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The generation of ultra short pulse with high repetition rate attracts the VECSEL in the field of optical engineering such has high speed optical networks and high data processing. Invent of VECSEL gives much attraction towards it, because it gives precise feature compared to the other techniques while it is used in the imaging technique. But it has some issues like alignment of the external cavity and optical beam coupling, since the VECSEL is activated using optical pumping. Apart from these issues, this method gives distinct properties those are not comparable with the other surface emitting lasers. In this literature review of VECSEL, the principle of operation, distinct characteristics, performance parameters and challenges with an application is discussed and the up to date work done also included.
A VECSEL is a semiconductor laser which has a surface emitting Active region gain, and a laser resonator which is pumped either electrically or optically. The semiconductor gain chip contains an Active region with several Quantum Wells over a distributed Bragg reflector (DBR). The laser resonator is completed by the external cavity mirror which is separated from the active region by few cm apart to get the output in a low divergence, circular, diffraction limited beam of good quality. To get good quality beam and laser mode size, the separation between the external mirror and the active region is varied, and the collection efficiency of the system is improved by using a curved mirror in the external cavity mirror. Output power scaling to multiwatt range is achieved by increasing the laser mode area at high input pump source. The thickness of the semiconductor structure scales about few micrometers and it is mounted on a substrate. A heat sink is attached to the substrate to reduce the thermal gradient of the system. Additional components like saturable absorber for passively Mode-locked surface-emitting lasers, Optical Filter for mono frequency output or wavelength tuning, Optical Clocking and Non-linear crystal for intracavity frequency doubling.
The electrical pump method injects charge carriers which limits the output power to 1W and the usable active area. In the case of optical pumping, uniform distribution of the pump power over the active area is applied which eliminates the free charge carrier injection into the undoped active region. Hence we get a reduction in the optical loss and excess heat dissipation.
vertical external cavity surface-emitting laser (VECSEL)
Fig 1: VECSEL setup
Interband transition occurs in the active region material during optical pumping which has broad pump absorption band and no issue on the wavelength stability of the pump laser. The absorption of the optical pump beam is depending on the material used in the active region. Carriers generated during the optical pumping in the barrier are trapped by the Quantum wells. Carrier concentration and the system temperature affect the Quantum Efficiency, Bandwidth gain, Differential gain and Wavelength gain. Due to heat dissipation, the DBR mirror is much affected by the pump power level and spot size than the active region. This system has Bandwidth gain of few tens of nanometers and has wide applications like generation of green laser diode for tiny projectors, spectroscopy and ultra short pulse generation. The sub section of this review deals about the device principle, fabrication of VECSEL, and the ultra short pulse generation using Passive Mode lock technique.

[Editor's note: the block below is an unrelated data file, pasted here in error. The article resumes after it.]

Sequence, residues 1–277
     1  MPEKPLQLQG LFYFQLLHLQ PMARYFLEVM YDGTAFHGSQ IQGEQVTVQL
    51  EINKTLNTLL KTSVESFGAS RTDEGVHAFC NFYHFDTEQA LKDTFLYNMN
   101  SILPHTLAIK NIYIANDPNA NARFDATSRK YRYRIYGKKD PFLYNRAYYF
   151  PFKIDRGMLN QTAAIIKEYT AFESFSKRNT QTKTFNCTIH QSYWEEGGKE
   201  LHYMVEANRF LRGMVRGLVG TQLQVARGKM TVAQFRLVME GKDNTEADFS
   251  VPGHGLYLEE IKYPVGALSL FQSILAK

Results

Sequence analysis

VECSEL Gain Structure:
The VECSEL gain structure consists of a Bragg Mirror and an Active gain region with several quantum wells, fabricated in a semiconductor using an epitaxial growth process. The choice of material for the fabrication of VECSEL structure should be lattice matched. The 27-period Bragg mirror using AlAs/GaAs stack is grown epitaxial on the substrate. The active region is grown over the DBR, in the GaAs active region 6 quantum wells are formed using InGaAs layers which are compressively strained due to higher lattice constant compared to the GaAs with a spacing of λ/2 by GaAs barrier layers of overall thickness 7λ/2. The quantum wells are formed exactly at the anti nodes of the standing wave generated in the laser system.
Fig 2: (a) Layers of VECSEL - active region and DBR (b) Variation of E-field w.r.t position (Z)
The Total length of the active region and the DBR is about 1µm. The window layer is fully transparent, which allows the optical signal to reach the external cavity mirror and the capping layer is to prevent carrier from diffusing to semiconductor surface where the charge carriers combine non-radiatively.
Principle of Operation:
The VECSEL active area is optical pumped using a diode laser source. The optical coupling efficiency is high and most of the incident beam is absorbed by the active region which results in the Interband transition within the barriers. After absorbing the incident pump power charge carriers is created and are confined in the Quantum Well. The quantum well has a high refractive index compared to the barrier layer which enhances the charge confinement in this region by having lower bandgap energy. The transition of the charge carriers in the quantum well gives a higher order exponential gain on the order of 6000/cm . For a thin active layer (10nm) gives out a higher gain in the surface emitting structure compared to the edge emitting structure. Thus the gain is confined inside the active region and it's expressed as a function of confinement factor, 'γ'